Obama reportedly plans to announce the executive actions some time during the "next several days." While details of Obama's proposals have not been released, several news reports indicate that Obama will shrink the "gun show loophole" by using regulatory authority to require unlicensed sellers who are engaging in high-volume gun sales to become licensed and perform background checks on customers.
The NRA responded to Obama's forthcoming proposals in a January 4 video, with the gun rights organization labeling the president "our biggest threat to national security":
In the video, the charge that "the biggest threat to national security is sitting in the Oval Office" is made by former Bush administration official John Bolton, a Fox News contributor. Bolton has served in an NRA leadership position and frequently appears in NRA News videos to advance the gun organization's views.
The NRA previously supported, in the words of NRA executive vice president Wayne LaPierre, "mandatory instant criminal background checks for every sale at every gun show," although the gun group has since abandoned this position and now claims expanded background checks would be the precursor to the confiscation of privately owned firearms.
President Obama will reportedly soon announce several executive actions to address gun violence. Although the details of the plan have not yet been released, several outlets are reporting that the Obama administration will address what is known as the "gun show loophole" or "private sales loophole" that allows the sale of guns without a background check at gun shows and through other venues such as online marketplaces. Although popular with the general public, conservative media often spread falsehoods about background checks on gun sales in order to attack proposals to expand these checks to more sales.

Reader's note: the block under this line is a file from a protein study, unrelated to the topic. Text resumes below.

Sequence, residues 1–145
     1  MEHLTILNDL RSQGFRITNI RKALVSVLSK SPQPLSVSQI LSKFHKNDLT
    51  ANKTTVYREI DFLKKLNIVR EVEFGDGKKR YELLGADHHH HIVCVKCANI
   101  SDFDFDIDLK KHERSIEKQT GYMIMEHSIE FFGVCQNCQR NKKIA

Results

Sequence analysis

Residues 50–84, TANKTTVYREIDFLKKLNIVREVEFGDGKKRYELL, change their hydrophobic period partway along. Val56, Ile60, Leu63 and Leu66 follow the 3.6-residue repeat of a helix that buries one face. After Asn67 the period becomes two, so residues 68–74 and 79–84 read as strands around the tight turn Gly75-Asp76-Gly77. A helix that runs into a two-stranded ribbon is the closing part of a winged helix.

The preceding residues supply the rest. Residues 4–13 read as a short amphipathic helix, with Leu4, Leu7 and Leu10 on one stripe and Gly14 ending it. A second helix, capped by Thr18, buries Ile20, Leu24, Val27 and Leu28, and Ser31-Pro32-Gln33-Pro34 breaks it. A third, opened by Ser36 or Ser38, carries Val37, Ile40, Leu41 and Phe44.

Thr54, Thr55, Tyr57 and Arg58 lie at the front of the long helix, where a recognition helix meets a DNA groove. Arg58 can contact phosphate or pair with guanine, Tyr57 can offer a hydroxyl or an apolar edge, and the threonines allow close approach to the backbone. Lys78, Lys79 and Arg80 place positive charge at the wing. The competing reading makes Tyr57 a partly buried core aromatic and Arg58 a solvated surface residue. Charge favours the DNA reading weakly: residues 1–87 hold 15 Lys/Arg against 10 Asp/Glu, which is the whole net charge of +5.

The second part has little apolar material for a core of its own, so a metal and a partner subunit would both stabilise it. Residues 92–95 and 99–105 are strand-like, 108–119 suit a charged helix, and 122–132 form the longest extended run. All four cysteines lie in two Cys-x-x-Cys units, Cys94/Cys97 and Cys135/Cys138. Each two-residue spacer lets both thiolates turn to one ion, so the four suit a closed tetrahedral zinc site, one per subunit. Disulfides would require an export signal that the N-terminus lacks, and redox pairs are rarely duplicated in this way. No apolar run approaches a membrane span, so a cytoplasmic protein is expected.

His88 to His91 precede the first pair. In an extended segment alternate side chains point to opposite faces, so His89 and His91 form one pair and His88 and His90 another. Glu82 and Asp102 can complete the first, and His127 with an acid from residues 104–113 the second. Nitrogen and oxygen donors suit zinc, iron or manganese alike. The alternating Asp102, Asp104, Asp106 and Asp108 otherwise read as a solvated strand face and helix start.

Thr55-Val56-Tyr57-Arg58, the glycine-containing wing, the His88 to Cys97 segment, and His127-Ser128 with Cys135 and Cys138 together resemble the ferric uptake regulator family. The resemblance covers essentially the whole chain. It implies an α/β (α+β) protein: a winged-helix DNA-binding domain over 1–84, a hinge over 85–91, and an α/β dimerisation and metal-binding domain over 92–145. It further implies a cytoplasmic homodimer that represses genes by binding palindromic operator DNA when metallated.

From the January 4 edition of Fox News' America's Newsroom:
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From the January 3 edition of NBC's Meet The Press:
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Following another series of horrific mass shootings in 2015 that captured the public's attention, gun safety has emerged as a major campaign issue for the 2016 elections. It's already clear how the National Rifle Association (NRA) will use the issue to try to swing the elections and hamstring any attempts at new legislation - after all, they've been using the same playbook for years.
As U.S. gun deaths continue to tick upwards -- now on par with automobile deaths -- public interest in gun issues in 2015 rose to its highest level since the 2012 Sandy Hook Elementary School massacre. This year, Americans watched news reports of public shootings targeting parishioners in Charleston, South Carolina, service members in Chattanooga, Tennessee, moviegoers in Lafayette, Louisiana, students and educators in Roseburg, Oregon, people visiting a Planned Parenthood health clinic in Colorado Springs, Colorado, and attendees of a Christmas party in San Bernardino, California.